When Richard Crusoe was diagnosed with a rare form of soft tissue cancer called liposarcoma, the retired firefighter and his family pinned their hopes of slowing the cancer’s advance on a drug that was being tested in a clinical trial.
Crusoe, then 57, was approved for the trial, and he and his wife flew from their home in Pembroke Pines, Fla., to the MD Anderson Cancer Center in Houston to get the treatment last September. But the day before he was supposed to begin the trial, researchers told the Crusoes that he wouldn’t be able to participate after all. The reason: His health plan was refusing to cover his routine medical care during the trial.
The problem wasn’t the costs of the clinical trial itself: The cancer center would pay to administer the drug and analyze the results. But if Crusoe participated in the trial, his health plan would stop covering all the other doctor visits, hospital stays, tests and treatment related to treating his cancer.
The Crusoes were stunned. They appealed to his former employer, the city of Pembroke Pines. Like many large employers, the city pays its workers’ health claims directly rather than buying insurance. (Because such employers often use insurance companies to administer claims, workers may not realize that the payments are coming from their employer.) More than a month later, after the family enlisted the Patient Advocate Foundation to fight on its behalf, the city relented and granted $250,000 in coverage. But by that time Crusoe had become too weak to participate in the trial. He died a few weeks later.
Crusoe’s widow, Debbie, still lives in Pembroke Pines. She says it’s hard to pass City Hall every day. The city honored her husband for his firefighting work, she says, but “when it comes time to save his life, they just blocked it.” Daniel Rotstein, the city’s human resources director, declined to comment on the case.
The new federal health law will prevent such disputes, beginning in 2014. The law requires health plans to pay the routine care costs of patients who participate in clinical trials for the prevention, detection and treatment of cancer and other life-threatening conditions.
Routine patient care refers to the range of medical services people with a particular diagnosis might need. It includes treatment for side effects and other medical issues that might arise as a result of the trial.
Although Medicare and many private health plans already cover such costs, some plans decline to do so on the grounds that clinical trials are experimental, say experts. More than half of states require coverage of routine costs in a clinical trial, but state requirements vary. The new law sets a minimum standard.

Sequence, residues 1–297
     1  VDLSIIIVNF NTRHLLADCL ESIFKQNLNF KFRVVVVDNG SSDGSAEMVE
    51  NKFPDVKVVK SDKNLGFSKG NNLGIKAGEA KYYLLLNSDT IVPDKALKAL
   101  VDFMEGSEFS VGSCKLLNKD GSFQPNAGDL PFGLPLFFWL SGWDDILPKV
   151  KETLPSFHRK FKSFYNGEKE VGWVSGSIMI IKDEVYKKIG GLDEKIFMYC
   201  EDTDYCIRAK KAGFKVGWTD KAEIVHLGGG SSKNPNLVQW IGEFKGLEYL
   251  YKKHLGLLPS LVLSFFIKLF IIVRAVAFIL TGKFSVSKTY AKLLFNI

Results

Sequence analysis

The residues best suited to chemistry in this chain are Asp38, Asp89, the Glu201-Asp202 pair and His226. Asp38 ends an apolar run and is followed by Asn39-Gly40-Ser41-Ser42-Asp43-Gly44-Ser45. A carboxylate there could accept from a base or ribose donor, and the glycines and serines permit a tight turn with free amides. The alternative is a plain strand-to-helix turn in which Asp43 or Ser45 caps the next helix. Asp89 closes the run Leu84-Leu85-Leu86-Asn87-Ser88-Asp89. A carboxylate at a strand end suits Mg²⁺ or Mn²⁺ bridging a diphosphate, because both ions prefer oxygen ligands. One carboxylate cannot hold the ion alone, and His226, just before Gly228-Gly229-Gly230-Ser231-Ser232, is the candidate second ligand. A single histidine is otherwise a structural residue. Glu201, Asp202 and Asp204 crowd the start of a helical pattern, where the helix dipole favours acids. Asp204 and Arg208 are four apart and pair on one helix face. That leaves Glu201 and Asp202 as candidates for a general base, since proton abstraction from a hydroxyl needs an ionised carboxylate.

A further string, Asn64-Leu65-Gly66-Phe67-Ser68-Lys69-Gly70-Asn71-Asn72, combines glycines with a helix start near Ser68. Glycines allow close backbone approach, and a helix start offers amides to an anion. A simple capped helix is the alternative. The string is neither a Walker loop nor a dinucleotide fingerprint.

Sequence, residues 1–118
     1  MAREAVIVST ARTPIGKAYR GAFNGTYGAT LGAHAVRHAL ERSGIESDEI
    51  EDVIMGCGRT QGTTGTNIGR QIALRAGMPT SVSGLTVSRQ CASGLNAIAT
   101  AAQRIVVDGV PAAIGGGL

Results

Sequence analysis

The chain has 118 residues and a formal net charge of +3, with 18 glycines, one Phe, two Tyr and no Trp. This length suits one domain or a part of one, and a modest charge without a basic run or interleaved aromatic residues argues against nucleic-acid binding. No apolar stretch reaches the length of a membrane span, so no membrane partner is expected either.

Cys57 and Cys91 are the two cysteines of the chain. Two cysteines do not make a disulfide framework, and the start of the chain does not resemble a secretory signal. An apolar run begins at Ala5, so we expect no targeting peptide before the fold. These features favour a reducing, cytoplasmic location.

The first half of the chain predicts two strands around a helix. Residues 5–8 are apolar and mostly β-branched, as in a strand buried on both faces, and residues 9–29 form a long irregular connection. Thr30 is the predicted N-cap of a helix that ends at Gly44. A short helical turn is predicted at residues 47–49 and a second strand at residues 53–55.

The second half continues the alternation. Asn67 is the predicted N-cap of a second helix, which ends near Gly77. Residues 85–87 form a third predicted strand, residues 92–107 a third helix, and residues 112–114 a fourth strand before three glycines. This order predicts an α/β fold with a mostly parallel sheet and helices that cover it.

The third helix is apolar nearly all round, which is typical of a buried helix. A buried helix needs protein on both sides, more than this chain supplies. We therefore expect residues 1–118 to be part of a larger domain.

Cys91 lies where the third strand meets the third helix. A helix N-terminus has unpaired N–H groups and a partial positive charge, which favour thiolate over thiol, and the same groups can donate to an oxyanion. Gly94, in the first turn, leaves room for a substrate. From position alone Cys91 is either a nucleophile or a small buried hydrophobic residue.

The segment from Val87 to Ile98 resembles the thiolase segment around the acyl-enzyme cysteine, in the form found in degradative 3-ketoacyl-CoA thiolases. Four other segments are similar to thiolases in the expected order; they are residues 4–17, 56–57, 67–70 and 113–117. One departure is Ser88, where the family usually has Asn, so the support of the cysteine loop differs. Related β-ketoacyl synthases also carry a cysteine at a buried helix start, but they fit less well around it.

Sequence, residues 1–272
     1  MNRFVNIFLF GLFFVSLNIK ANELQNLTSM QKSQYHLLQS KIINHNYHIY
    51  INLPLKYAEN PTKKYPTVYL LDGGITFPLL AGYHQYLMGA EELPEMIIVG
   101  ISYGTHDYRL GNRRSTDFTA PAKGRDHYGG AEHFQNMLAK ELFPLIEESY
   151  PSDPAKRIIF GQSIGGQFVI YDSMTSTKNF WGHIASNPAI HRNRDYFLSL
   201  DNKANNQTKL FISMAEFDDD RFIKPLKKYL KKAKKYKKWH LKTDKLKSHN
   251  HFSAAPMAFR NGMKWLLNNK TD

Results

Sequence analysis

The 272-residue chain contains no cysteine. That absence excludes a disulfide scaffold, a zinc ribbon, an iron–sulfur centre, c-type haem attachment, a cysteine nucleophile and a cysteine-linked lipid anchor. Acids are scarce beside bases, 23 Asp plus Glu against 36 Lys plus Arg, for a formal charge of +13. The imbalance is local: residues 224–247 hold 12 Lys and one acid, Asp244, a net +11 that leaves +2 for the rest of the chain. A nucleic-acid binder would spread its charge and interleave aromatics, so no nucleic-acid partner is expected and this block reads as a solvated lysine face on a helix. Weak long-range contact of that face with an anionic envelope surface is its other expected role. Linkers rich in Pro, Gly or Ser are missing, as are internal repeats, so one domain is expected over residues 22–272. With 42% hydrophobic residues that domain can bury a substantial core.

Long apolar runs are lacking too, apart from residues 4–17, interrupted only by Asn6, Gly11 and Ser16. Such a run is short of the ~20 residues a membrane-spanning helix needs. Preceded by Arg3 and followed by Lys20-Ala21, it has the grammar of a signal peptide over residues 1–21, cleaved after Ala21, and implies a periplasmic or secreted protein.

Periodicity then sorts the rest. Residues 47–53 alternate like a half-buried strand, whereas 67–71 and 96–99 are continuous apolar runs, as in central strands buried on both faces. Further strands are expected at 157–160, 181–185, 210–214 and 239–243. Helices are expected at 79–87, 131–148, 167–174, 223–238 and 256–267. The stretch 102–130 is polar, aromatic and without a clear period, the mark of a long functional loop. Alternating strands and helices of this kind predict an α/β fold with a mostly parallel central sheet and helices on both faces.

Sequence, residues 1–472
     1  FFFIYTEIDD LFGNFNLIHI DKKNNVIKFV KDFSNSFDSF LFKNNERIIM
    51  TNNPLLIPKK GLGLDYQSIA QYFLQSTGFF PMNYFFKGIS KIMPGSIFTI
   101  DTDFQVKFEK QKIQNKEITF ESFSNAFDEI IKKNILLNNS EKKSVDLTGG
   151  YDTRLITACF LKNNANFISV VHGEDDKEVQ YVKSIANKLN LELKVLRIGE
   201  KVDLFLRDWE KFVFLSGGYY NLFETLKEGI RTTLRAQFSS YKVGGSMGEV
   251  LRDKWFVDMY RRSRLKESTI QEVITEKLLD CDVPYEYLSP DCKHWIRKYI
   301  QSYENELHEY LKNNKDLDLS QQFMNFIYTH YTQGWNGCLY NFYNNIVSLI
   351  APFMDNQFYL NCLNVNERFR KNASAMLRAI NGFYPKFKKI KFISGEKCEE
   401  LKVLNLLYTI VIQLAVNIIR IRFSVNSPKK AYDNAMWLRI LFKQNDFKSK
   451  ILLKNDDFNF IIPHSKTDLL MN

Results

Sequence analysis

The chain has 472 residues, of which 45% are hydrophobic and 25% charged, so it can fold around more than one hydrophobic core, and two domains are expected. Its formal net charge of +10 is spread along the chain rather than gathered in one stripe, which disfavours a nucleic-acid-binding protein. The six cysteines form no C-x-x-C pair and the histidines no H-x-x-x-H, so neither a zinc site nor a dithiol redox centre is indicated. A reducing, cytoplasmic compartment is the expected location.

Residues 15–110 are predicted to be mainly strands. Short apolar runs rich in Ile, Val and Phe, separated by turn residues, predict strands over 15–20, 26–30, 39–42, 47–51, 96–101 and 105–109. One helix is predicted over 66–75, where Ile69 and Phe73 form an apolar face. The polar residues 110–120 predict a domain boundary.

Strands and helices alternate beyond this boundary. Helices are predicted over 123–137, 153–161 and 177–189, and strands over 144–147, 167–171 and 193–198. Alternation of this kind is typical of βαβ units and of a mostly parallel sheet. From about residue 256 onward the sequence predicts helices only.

Employers and insurers that decline to cover routine care in clinical trials are often concerned about their financial exposure. It’s a legitimate concern, says Nancy Davenport-Ennis, founder and chief executive of the Patient Advocate Foundation. Patients in clinical trials are likely to have additional blood work, scans and tests, not to mention side effects that may be expensive to treat. But other plans view clinical trials in a different light. “They see it as a way to get better results at a better cost,” says Davenport-Ennis.
The new law applies to all individual and group health plans, whether self-funded as at Pembroke Pines or fully insured. Plans that were in existence when the law was signed this spring and have “grandfathered” status under its provisions are exempt, but policy experts expect many of these plans to lose their special status over time.
Despite cases like Richard Crusoe’s, the insurance industry generally supports coverage of routine care costs, up to a point. Clinical trials are conducted in four phases, adding more patients in each round; they are intended to answer different questions about safety, efficacy, side effects and the like. The new law covers care in all phases.
The industry supports coverage of routine care costs in late-phase clinical trials, says Susan Pisano, a spokeswoman for America’s Health Insurance Plans, a trade group. However, it has concerns about covering costs during early-phase trials, she says, when researchers may be evaluating whether a drug is safe rather than testing its therapeutic value.
In addition to helping individuals get potentially life-saving treatment, advocates hope the new law will encourage broader participation in clinical trials, which are essential to developing new drugs and therapies. Nearly 20 percent of cancer patients are eligible for cancer clinical trials, for example, but fewer than 5 percent enroll, according to the American Cancer Society’s Cancer Action Network. “Even the perception that costs might not be covered is enough to prevent patients from considering it,” says Rebecca Kirch, the network’s associate director of policy.
See the full article here